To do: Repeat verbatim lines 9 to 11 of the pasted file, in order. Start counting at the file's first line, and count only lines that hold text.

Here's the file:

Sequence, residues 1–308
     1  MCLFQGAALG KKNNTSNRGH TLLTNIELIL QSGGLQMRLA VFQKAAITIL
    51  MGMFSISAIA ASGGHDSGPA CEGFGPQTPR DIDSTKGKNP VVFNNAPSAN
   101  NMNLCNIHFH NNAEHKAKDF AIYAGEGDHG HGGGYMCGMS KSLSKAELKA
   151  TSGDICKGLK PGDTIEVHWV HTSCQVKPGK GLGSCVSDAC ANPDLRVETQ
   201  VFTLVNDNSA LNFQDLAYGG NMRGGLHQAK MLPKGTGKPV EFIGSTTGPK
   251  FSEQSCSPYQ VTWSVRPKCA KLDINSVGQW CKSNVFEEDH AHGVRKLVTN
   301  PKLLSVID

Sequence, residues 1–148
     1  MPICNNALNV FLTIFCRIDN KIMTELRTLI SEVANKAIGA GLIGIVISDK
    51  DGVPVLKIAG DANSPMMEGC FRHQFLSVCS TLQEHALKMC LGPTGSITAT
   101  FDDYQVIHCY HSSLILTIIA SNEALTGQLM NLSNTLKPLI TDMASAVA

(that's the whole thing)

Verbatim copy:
Sequence, residues 1–148
     1  MPICNNALNV FLTIFCRIDN KIMTELRTLI SEVANKAIGA GLIGIVISDK
    51  DGVPVLKIAG DANSPMMEGC FRHQFLSVCS TLQEHALKMC LGPTGSITAT